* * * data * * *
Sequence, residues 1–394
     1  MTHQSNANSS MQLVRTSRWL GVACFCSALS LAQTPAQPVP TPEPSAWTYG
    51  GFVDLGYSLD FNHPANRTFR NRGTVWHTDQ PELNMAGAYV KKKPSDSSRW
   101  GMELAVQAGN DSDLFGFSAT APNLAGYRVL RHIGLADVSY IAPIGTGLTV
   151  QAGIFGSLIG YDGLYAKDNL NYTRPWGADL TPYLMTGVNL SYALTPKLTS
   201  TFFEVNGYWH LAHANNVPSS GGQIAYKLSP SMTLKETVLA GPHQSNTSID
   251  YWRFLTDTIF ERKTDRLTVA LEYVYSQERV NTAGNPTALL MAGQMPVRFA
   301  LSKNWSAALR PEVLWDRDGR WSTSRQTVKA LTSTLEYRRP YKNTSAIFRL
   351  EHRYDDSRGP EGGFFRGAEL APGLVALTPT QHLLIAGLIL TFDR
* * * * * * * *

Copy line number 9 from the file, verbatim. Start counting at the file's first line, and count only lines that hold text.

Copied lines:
   351  EHRYDDSRGP EGGFFRGAEL APGLVALTPT QHLLIAGLIL TFDR